Snow storm routine getting old? No worries, the groundhog got it right.

The weather pattern that sent snow storm after snow storm across the US is breaking down, leading to forecasts of one of the biggest snow meltdowns 'we have ever seen.'

Keith Srakocic/AP
His weather forecasting record is far from infallible, but Punxsutawney Phil apparently got it right this year. The according to the Groundhog Club, the captive marmot failed to see his shadow on Groundhog Day. Meteorologists say that warmer temperatures are on the way.

It looks as if the groundhog got it right – at least for the next few weeks.

“So, an early spring it will be,” was the prediction Feb. 2 after Punxsutawney Phil failed to see his shadow.

Now the meteorologists are making similar predictions.

Once the next blast of cold air – some of the most frigid of the season – moves past the Northeast by the end of the week, the weather forecasters say the temperature will start to feel less like the Yukon and more like some of those March days when you can actually eat lunch outside without watching your soup develop a layer of ice on top.

The change will be dramatic: As of Thursday evening about 60 percent of the nation will have snow on the ground, says But, by the end of next week, less than 25 percent of the country will be covered with the white stuff.

“It will be one of the biggest meltdowns we have ever seen but with very little in the way of flood problems,” says Henry Margusity, senior meteorologist at in State College, Pa. “The back of winter has been broken.”

It will be a very sharp contrast for places like Dallas, site of the recent SuperBowl, and Ground Zero for unwanted snowstorms that shut down the airport and caused rolling electrical blackouts last week.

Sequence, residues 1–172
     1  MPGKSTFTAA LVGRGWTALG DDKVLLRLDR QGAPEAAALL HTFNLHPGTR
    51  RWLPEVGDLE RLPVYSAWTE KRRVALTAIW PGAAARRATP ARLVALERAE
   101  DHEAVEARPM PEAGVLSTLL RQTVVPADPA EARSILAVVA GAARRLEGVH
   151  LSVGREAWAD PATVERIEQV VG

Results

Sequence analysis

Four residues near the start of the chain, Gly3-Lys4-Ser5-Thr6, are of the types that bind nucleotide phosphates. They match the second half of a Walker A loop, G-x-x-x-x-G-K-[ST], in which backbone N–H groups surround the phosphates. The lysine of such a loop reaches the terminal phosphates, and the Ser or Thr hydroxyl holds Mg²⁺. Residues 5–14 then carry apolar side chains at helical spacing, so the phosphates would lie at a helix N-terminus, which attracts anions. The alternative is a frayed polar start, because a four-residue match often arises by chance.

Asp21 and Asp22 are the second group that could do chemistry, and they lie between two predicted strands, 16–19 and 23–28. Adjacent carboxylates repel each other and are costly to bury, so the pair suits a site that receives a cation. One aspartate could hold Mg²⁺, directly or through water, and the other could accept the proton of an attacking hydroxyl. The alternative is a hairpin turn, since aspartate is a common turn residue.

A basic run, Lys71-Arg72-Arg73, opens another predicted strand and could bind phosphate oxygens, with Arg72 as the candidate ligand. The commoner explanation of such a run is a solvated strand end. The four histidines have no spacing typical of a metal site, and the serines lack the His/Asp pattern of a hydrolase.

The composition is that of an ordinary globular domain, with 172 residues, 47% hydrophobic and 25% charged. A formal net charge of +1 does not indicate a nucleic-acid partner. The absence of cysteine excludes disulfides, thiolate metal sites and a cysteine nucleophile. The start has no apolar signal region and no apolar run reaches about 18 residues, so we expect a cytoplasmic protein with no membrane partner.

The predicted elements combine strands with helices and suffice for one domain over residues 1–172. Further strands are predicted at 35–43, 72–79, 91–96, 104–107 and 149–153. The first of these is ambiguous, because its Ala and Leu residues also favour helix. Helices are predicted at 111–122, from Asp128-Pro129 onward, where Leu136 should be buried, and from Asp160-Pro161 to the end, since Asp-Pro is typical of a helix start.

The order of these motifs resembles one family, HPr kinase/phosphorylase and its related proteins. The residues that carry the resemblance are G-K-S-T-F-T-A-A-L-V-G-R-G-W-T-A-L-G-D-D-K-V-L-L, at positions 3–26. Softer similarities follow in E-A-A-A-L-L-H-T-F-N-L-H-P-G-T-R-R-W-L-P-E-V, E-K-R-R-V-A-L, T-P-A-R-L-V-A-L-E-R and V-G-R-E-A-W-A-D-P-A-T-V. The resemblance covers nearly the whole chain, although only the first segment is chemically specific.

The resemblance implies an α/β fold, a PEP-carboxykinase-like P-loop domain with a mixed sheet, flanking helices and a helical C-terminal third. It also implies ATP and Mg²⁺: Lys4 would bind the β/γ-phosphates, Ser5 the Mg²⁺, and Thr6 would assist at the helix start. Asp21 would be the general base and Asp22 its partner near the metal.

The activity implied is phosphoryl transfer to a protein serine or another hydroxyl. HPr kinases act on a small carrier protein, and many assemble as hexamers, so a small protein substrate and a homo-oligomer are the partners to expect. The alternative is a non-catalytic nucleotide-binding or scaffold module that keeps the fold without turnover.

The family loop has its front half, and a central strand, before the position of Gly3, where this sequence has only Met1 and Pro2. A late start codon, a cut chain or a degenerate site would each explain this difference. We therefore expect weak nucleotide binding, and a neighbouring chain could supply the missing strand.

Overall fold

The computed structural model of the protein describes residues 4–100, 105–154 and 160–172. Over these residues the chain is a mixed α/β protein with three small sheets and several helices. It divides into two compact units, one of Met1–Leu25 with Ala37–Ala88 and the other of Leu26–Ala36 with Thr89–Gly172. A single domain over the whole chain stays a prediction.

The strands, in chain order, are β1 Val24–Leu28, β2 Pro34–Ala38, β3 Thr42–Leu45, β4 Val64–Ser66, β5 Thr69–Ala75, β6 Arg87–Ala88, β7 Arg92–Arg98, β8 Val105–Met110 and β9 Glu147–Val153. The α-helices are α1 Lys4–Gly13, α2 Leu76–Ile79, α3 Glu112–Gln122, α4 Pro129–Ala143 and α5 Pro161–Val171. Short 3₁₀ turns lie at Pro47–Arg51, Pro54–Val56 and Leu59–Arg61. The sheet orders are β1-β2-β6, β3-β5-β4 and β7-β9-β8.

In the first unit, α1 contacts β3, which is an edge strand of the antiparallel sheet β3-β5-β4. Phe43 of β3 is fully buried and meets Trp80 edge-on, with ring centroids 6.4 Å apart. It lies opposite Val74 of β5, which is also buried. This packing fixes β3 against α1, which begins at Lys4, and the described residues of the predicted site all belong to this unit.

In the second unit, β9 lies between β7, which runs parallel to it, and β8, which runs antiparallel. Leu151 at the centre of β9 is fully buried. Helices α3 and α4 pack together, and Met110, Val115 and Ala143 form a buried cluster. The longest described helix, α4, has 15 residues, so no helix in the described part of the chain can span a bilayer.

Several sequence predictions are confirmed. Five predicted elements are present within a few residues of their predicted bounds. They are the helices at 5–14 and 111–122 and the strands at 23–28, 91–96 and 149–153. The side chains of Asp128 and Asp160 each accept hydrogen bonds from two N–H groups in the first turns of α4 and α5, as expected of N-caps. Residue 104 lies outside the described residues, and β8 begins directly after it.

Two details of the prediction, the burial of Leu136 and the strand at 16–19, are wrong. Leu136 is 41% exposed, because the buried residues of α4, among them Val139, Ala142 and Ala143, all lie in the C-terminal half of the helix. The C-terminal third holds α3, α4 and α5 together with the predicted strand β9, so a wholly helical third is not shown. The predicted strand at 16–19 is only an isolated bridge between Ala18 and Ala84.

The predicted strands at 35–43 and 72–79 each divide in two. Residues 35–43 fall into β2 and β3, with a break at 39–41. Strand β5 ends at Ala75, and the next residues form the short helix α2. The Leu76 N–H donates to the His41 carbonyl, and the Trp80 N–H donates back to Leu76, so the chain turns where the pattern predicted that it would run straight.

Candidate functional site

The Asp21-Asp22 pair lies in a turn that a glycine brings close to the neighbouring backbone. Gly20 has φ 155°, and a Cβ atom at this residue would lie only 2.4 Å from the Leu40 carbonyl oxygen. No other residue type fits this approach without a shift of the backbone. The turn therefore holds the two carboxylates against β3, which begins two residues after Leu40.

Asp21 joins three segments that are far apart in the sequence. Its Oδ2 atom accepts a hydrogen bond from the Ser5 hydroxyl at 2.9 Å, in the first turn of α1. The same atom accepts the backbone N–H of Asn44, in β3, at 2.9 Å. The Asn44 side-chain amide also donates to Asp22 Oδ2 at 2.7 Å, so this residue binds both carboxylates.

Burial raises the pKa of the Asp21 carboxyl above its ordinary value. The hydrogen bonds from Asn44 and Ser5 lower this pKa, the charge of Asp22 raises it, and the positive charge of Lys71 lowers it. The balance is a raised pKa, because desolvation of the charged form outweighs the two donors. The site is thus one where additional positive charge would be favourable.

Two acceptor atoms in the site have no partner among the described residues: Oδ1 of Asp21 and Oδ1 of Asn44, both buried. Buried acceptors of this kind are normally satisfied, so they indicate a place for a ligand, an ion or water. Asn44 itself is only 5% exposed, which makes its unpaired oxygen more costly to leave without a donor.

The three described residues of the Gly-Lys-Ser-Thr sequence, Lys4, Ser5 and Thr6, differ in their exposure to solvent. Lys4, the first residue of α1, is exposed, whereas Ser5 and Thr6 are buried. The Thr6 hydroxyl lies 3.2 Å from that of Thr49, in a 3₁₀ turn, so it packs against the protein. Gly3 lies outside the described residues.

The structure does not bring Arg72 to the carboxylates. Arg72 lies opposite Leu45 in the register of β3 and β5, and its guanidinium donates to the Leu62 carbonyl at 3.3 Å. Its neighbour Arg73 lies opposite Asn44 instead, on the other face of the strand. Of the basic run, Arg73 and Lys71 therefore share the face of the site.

“I’ve lived here for 35 or 40 years and never remember as much bad weather for as long as we had last week,” says John Crawford of Downtown Dallas, Inc. “We look forward to temperatures in the sixties so we can get back to promoting visitors and relocations.”

Greenland block breaking down

Behind the warm-up is a shift in the weather pattern. An area of high pressure that has spent the last few months over Greenland is finally breaking down. The high pressure system had served as a block, forcing the jet stream to run straight up the East Coast, resulting in cold weather in the eastern third of the nation and snow storm after snow storm.

“That wall is breaking down, allowing the jet stream to flow more evenly across the country,” says Scott Bernhardt, chief operating officer at Planalytics in Berwyn, Pa. “When that happens, the weather moderates, we get significantly nicer weather.” [Editor's note: The spelling of Berwyn, Pa., has been corrected.]

Mr. Bernhardt says there will still be some periods of rain, but “it will feel like such a nice break from what we were experiencing.”

Spring this early may seem unusual after last year. Last February and early March, the mid-Atlantic states were buffeted by blizzard after blizzard. Places like Washington, D.C. could measure the snowfall by the foot. This winter, most of the snow was in the Northeast in places like New York, Hartford and Boston. Because the temperature rarely broke the freezing mark, much of it is still on the ground.

Return of the happy consumer

If the weather cooperates with the forecast, Bernhardt says there are some ramifications for the economy, as well: the malls may start to fill-up.

“Two-thirds of the country has cabin fever,” he says.

Once consumers get cabin fever, one of the first things they do is go shopping, says Kathy Grannis, a spokeswoman for the National Retail Federation in Washington. “A lot of people are tired of wearing their winter clothes and are ready for some fresh apparel.”

Warmer weather will also put consumers in a better mood.

In Bethlehem, Pa., Linda Cameron says the worst part of this winter was all the ice. She is looking forward to being able to go for walks without worrying about falling. “I almost bought it so many times,” she says.

Christine Cannon of Haymarket, Va. says the warmer weather means she won’t have to nag her four children, ages four to eleven, about wearing their hats and coats all the time. “ ‘What is it you don’t understand about winter?’ I’ve been asking them.”

And, New York resident Sharon Gamsin says the better weather means she won’t have to spend so much money plowing out her weekend cottage in Great Barrington, Mass. “It’s costing me a fortune,” she says. “I’ve had to have the roof cleared three times and some of the snow storms have been so heavy, I’ve had to pay for them to come twice in one day.”

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